Other Abahlali baseMjondolo activists have been killed by what Zikode calls “izinkabi,” hitmen hired by politicians. Two eThekwini city councillors were sentenced to life in prison 2016 after they organized the killing of Thuli Ndlovu, an Abahlali baseMjondolo organizer. A member of the Land Invasion Unit who is currently facing a charge of attempted murder after severely injuring a person during an eviction remains on the job, Zikode says.

South Africa’s 1996 constitution is intended to protect the public from arbitrary state violence and guarantees a right to housing, as well as due process in evictions. But for Zikode, the South African constitution is a “beautiful document on a shelf”.

“For the working class and the poor, it’s still difficult to have access to court. You’ve got to have money to get to court,” he says. 

The actions by municipal law enforcement are breaking down social trust, says Buhle Booi, a member of the Khayelitsha Community Action Network, a community group in the largest township in Cape Town.

“There’s a lack of police resources and those very few police resources that they have, they use to destroy people’s homes, to destroy people’s peace, rather than fighting crime, real criminal elements that we see in our society,” Booi says.

For him, it’s a continuation of the practices of the colonial and apartheid governments, pushing poor people, most of whom are Black, to the periphery of cities.

Around one-fifth of South Africa’s urban population live in shacks or informal dwellings, according to a 2018 report by SERI. Many more live in substandard housing. City governments maintain that the shacks destroyed during anti-land invasion operations are unfinished and unoccupied. But Edward Molopi, a research and advocacy officer at SERI, says that this claim is an attempt to escape their legal obligations to get a court order and to find alternative accommodation for affected people. 

The roots of the current eviction crisis go back to apartheid, which barred non-white people from living in cities. Between the 1940s and 1970s, tens of thousands of people were forcibly relocated from neighbourhoods like Johannesburg’s Sophiatown and Cape Town’s District Six to remote townships.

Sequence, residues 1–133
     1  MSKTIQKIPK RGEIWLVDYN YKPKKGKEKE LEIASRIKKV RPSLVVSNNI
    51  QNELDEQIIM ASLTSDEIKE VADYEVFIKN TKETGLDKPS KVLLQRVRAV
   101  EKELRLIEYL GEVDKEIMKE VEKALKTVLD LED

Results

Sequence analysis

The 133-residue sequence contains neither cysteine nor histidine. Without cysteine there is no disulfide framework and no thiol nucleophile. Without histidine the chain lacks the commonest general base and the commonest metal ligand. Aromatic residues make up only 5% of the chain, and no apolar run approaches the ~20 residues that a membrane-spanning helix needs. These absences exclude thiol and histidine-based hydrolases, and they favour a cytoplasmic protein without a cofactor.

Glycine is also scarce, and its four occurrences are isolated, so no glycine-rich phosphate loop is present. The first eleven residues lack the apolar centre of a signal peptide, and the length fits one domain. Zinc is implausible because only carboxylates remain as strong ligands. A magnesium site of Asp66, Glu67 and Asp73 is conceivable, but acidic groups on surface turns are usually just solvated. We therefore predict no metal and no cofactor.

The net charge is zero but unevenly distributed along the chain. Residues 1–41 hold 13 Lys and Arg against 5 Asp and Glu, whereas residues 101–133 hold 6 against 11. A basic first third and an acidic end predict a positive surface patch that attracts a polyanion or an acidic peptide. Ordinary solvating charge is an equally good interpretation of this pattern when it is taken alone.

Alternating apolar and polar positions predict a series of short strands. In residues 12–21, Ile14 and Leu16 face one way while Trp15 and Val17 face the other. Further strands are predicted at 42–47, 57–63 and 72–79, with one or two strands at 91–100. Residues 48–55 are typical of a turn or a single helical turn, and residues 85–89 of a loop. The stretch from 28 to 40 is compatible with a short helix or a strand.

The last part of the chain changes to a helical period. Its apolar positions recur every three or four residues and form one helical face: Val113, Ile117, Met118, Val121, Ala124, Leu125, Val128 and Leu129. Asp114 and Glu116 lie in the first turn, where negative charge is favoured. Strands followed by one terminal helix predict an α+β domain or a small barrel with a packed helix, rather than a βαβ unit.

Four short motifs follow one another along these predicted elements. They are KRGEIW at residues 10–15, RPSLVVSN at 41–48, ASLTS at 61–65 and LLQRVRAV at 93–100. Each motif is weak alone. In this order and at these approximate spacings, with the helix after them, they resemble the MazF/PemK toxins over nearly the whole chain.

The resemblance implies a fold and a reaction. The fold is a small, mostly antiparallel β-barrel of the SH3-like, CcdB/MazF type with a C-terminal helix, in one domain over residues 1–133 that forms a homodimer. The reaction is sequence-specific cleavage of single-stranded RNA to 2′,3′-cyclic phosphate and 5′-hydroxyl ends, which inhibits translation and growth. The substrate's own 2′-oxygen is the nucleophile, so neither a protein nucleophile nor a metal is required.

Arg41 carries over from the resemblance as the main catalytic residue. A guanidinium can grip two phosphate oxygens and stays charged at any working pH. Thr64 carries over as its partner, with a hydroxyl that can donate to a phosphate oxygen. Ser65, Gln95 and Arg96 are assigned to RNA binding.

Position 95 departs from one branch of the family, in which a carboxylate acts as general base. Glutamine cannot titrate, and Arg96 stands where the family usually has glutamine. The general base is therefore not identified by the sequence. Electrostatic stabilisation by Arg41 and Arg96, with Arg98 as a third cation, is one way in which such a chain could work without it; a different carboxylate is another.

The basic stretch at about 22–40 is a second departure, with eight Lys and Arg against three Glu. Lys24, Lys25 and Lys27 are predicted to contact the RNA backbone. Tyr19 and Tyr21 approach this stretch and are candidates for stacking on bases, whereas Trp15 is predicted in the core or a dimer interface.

In the 26 years following the end of apartheid, deepening economic inequality and rampant unemployment have limited access to formal housing for millions of South Africans. Government housing programs have mostly focused on building small stand-alone homes, often on the peripheries of cities far from jobs and amenities.

While these well-intentioned projects have built millions of homes, they’ve failed to keep up with demand, says Marie Huchzermeyer, a professor at the Centre for Urbanism & Built Environment Studies at the University of the Witwatersrand in Johannesburg. Government-funded housing projects “will never on it’s own be enough,” she says. “It has to be accompanied by land release.”

Government policies call for the “upgrading” of informal settlements and the formalization of residents’ occupation. But “there are still very, very, very few projects” of that nature in South Africa, Huchzermeyer says. “Even if it’s an informal settlement that’s been around for 20 years, there still seems to be a political wish to punish people for having done that.” The government wants people to go through the formal process of being given a house, she says – and for them to be thankful to the government for providing it.

At the municipal level, change will require “real leadership around informal settlement upgrading and around ensuring that land is available for people to occupy,” she says. 

Despite the end of enforced racial segregation, spacial apartheid remains a factor in South Africa. There are few mixed-income neighbourhoods. Those who can afford to often live behind walls in sprawling low-density suburbs, while the poor live in overcrowded slums and apartment buildings.

The creation of the apartheid city “didn't happen by chance,” says Amira Osman, a professor of architecture at the Tshwane University of Technology. “It was a deliberate, structured approach to the design of the city. We need a deliberate, structured approach that will undo that.”

Since last fall, Johannesburg’s Inclusionary Housing Policy has required developments of 20 or more units to set aside 30% of those units for low-income housing.

The policy, which faced significant opposition from private developers, won’t lead to dramatic change, says Sarah Charlton, a professor at the Centre for Urbanism and Built Environment Studies, but it is “an important and significant step.”

Zikode isn’t optimistic that change will come for shack dwellers, however.

“People in the high positions of authority pretend that everything is normal,” he says. “They pretend that everyone is treated justly, they pretend that everyone has homes with running water, that everyone has a piece of land – and hide the truth and the lies of our democracy.”

Jacob Serebrin is a freelance journalist currently based in Johannesburg. Follow him on Twitter.